Check this vid about the development of banks in the US.

 

 

LOL. Honestly, this is kind of what I expected to see. When can we have a sensible discussion about this. I only mentioned keeping a database of gun owners by background checks, sales and transfers, and the idea of making the ATF a better force by raising the number of officers and the funding. Nothing too off the ball, really. The microchip idea wouldn't actually allow them to do GPS tracking, just saying RFID tags, not gps. You can't get a gps tracking device to be that small without losing any reliability at all.

Share this post


Link to post
Share on other sites

yeah sorry about that post I hadn't slept in 2 days when I wrote that lol! But on the 99% thing, I work in a retail store that makes 400,000 dollars a day. I do have 2 or 3 friends I've talked heavily about the issue with it but I see so many people in one day and hear from people about this issue all the time. I have talked to at least 4 people who were for the ban but they seemed to be mostly knowledgeable about guns in the first place. I think a large chunk of people for the ban are just uneducated about guns or the current laws and standards that we have now. I guess I'm trying to say maybe a lot of people are just afraid so they don't know any better. Things are not like they were when the 2nd amendment was written. Then again maybe they are with the government talking about tightening the gun control policies.

Share this post


Link to post
Share on other sites
a large chunk of people for the ban are just uneducated about guns

 

Ding ding, we have a winner. In Maryland, NOBODY knows anything about firearms, they just think they are scary and hurt people.

Share this post


Link to post
Share on other sites
Ding ding, we have a winner. In Maryland, NOBODY knows anything about firearms, they just think they are scary and hurt people.

 

Exactly what I was aiming for lol but think about it, how is a gun more dangerous than the lunch lady at the school putting bleach or something into the food. (totally hypothetical.) Yes guns can kill but jeez man If I wanted to hurt a bunch of people I'd probably just drive my car into a crowded area like a Bieber concert and run people over. :a-laugh: lol the point is its the person behind the gun or the car or the bleach container (watch out those are deadly!).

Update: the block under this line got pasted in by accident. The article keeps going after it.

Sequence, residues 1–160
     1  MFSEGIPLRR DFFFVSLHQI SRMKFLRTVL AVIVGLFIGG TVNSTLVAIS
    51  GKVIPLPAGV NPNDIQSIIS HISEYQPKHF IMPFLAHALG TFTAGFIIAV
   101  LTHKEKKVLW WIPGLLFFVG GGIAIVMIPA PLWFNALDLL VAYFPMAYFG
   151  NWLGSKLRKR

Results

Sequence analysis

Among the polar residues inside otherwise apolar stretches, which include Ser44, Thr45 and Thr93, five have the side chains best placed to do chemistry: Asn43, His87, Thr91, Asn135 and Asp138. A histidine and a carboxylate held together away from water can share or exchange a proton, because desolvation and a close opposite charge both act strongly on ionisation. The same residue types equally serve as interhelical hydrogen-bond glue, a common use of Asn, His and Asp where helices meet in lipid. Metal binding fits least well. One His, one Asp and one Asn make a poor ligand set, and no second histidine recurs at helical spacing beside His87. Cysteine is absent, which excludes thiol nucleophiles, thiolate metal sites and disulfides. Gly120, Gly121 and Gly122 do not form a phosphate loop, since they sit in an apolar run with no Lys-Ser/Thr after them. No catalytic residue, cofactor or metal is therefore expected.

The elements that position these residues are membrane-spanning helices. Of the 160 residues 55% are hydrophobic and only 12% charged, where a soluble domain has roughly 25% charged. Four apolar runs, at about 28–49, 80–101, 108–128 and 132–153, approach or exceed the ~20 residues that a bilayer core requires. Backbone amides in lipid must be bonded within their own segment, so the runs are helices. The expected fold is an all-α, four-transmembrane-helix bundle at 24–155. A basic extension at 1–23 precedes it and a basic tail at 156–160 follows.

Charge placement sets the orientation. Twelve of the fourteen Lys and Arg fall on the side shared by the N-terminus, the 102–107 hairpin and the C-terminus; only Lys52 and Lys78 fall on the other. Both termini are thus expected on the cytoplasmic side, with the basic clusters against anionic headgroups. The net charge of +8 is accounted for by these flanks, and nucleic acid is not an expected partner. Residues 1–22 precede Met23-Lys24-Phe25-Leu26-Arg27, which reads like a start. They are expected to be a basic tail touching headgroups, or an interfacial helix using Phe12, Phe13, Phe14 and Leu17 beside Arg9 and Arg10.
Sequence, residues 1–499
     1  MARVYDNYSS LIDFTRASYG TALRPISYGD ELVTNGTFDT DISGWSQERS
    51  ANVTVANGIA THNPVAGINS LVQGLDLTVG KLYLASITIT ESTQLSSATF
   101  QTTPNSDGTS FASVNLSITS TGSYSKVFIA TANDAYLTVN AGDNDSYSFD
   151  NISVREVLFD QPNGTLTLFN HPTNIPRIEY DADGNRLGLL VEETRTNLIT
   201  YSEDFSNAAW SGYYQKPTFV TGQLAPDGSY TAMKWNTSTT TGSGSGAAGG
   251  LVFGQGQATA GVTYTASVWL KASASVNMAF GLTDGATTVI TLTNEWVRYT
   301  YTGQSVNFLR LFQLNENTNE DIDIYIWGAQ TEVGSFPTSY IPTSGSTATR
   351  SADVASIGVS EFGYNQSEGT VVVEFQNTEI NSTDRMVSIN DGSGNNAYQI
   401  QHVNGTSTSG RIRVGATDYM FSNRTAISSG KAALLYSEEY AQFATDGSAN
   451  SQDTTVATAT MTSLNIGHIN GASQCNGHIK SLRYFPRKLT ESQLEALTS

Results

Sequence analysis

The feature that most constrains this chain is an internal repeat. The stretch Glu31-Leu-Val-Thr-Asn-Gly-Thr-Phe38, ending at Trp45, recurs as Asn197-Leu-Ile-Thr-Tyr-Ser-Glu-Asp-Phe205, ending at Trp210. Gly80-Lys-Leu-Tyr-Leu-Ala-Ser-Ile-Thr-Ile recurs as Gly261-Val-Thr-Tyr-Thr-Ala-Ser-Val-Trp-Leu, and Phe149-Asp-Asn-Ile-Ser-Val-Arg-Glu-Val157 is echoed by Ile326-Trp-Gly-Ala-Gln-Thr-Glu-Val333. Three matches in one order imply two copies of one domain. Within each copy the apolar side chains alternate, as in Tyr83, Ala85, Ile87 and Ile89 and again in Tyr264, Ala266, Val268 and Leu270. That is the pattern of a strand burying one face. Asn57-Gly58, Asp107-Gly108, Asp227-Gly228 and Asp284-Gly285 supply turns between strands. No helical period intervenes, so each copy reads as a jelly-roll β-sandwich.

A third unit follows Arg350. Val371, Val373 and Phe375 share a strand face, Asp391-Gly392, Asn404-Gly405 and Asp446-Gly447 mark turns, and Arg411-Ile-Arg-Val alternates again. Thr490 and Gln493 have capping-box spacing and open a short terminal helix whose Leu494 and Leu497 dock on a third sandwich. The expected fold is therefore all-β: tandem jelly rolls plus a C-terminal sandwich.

Another thought I've recently had is that guns are something that they can control. they don't exactly sell bombs at walmart to blow up buildings or whatever other crazy acts of violence people do. Again the point is, the person is responsible and if they don't have a gun they will just use something else.

 

In support of guns though, they are a damn efficient way of defending yourself from the nutjobs described above. What happens when the same guy who would use a gun to defend himself with a gun doesn't have it anymore. What is he supposed to rely on? the cops who take 5 minutes to show up? The guy defending his home from the meth addict who shot him with the illegal gun to take his stereo for another hit of dope is now going to bleed out. Now the meth head is gonna go get high again and do it all over when he comes down. More people will get hurt because they don't have there "oh so dangerous" guns.

Edited by Hellion_Blade

Share this post


Link to post
Share on other sites
LOL. Honestly, this is kind of what I expected to see. When can we have a sensible discussion about this. I only mentioned keeping a database of gun owners by background checks, sales and transfers, and the idea of making the ATF a better force by raising the number of officers and the funding. Nothing too off the ball, really. The microchip idea wouldn't actually allow them to do GPS tracking, just saying RFID tags, not gps. You can't get a gps tracking device to be that small without losing any reliability at all.